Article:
1. I drink plenty of fluids during the day and then stop drinking at least three hours before bedtime.
2. I do my best to not be on electronic devices during the 30 minutes before bed. Light from electronic screens can block the brain’s production of melatonin, which then makes sleep difficult. Therefore if I watch a movie on television, I use Blue-blocking glasses, which allows me to watch, yet not have it affect melatonin.
3. Bright house lights can also block the brain’s production of melatonin, so I have dimmers on all of the lights in my home. Sufficient light to function, yet dim enough so it doesn’t block the brain’s production of melatonin.
4. During the evening, even with my eyes open, I breathe the Sleep Breath, which is part of the Sleep Easily method I developed. That deeply relaxes me.
5. I never watch the news or read an online newspaper in the evening. Too disturbing. I read news once during the day so I can be informed without it disturbing my sleep.
6. When we sleep, our body temperature drops. Having a cooler room temperature helps the body cool a bit, which helps with sleep. So I have the house thermostat set to 55 degrees starting at 10:30. In reality, the temperature usually only goes down to 65.
7. I like total darkness, so I have blackout shades in my bedroom.
8. When it’s time to go to bed, in my bedroom, I clean up any clutter because a clutter-free bedroom helps calm my mind.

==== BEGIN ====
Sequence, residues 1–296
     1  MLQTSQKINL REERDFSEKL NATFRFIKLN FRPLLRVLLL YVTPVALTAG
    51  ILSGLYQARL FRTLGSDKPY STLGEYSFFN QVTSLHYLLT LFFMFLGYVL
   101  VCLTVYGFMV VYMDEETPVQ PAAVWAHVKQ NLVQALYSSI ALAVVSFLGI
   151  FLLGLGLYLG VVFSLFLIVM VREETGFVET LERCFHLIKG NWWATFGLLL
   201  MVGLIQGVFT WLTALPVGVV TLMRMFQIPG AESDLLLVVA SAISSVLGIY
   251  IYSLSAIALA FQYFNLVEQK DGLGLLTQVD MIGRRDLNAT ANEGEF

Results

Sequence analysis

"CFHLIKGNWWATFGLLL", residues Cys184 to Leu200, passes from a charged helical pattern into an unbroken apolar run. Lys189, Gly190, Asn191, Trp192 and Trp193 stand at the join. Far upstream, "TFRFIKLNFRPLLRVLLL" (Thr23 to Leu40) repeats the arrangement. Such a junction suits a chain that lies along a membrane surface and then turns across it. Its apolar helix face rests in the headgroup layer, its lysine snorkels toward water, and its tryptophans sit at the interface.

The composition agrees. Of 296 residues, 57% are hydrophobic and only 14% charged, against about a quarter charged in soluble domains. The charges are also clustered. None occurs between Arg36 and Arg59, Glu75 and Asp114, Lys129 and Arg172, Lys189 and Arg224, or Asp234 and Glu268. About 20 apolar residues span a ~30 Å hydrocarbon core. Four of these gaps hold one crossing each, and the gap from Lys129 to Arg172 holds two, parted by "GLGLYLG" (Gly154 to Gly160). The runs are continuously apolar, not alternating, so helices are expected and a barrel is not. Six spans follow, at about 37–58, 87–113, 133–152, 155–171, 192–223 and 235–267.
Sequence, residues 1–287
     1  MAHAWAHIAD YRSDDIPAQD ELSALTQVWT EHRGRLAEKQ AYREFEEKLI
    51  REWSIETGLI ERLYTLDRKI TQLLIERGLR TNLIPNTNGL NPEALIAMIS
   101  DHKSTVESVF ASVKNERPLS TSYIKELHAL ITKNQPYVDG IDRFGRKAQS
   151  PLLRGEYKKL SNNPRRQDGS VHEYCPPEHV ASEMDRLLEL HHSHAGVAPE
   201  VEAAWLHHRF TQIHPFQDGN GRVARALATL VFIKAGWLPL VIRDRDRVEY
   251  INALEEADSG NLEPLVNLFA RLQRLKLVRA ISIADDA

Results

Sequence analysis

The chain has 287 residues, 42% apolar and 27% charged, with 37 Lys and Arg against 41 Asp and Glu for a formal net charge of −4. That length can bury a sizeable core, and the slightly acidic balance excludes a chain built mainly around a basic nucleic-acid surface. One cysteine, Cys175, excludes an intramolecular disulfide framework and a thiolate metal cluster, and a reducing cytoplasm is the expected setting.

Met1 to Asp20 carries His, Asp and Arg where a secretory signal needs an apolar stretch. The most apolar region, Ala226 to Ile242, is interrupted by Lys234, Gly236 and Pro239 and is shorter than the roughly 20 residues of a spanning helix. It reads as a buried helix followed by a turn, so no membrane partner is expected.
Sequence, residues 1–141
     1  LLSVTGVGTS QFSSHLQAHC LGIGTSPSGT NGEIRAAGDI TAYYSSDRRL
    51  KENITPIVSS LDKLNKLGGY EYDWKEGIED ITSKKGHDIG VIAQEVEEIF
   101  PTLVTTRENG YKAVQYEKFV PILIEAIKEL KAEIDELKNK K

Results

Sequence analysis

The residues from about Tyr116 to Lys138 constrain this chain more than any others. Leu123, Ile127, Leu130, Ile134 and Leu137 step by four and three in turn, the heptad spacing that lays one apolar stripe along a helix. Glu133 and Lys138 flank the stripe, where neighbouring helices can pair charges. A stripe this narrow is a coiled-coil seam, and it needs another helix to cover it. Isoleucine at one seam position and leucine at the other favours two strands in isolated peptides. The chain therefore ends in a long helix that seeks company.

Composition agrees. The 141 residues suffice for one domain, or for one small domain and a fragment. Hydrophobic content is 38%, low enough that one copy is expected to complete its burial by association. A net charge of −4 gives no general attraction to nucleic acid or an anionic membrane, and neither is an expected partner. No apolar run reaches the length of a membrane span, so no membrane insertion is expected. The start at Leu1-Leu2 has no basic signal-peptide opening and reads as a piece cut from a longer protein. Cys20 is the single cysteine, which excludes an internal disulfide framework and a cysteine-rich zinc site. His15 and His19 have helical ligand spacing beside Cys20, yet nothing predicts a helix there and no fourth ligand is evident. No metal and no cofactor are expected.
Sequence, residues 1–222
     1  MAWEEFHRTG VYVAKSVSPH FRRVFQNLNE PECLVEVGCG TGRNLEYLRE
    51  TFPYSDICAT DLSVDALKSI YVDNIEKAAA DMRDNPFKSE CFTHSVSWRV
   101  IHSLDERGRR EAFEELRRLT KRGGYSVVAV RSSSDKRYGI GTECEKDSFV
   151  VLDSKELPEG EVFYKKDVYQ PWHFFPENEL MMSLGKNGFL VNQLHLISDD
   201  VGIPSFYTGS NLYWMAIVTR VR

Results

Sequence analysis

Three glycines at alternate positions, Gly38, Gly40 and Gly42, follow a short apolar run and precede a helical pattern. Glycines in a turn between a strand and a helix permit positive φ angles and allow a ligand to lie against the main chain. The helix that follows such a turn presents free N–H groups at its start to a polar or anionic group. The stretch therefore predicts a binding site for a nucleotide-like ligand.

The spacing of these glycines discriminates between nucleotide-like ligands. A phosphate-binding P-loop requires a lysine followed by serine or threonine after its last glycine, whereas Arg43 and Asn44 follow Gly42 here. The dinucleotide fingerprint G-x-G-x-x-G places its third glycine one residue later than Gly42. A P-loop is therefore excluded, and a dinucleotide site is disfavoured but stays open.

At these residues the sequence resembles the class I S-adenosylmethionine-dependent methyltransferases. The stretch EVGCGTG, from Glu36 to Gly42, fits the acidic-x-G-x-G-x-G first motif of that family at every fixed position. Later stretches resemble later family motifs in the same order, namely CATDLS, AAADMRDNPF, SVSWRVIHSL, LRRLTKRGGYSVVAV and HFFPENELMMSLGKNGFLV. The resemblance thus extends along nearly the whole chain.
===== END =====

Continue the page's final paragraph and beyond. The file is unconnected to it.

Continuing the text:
9. In my bedroom, I hang over and touch my toes. That stretches my hamstring muscles and the muscles in the back of my neck, releasing tension I stored during the day.
10. I sit in a chair for a few minutes, with my eyes closed, breathing my Sleep Breath without distractions. I soon have the body feeling of easing toward sleep and then I get into bed.
I put one hand on my heart and another on my abdomen to calm those two key areas, which then calms body and mind.
I allow my tongue to be calmer, which is an element of the Sleep Easily method. I then use the other steps to get closer and closer to sleep without the pressure of having to get all the way to sleep. My mind rests in calmness and my body eases into sleep.
Dr. Richard Shane, Ph.D. is the Behavioral Sleep Specialist for New West Physicians and founder of Sleep Easily sleep solution.
Amy Landolt, Acupuncturist
1. I try to go to bed as soon as I feel tired. If you miss that window, you can get a second wind and it is difficult to get to sleep.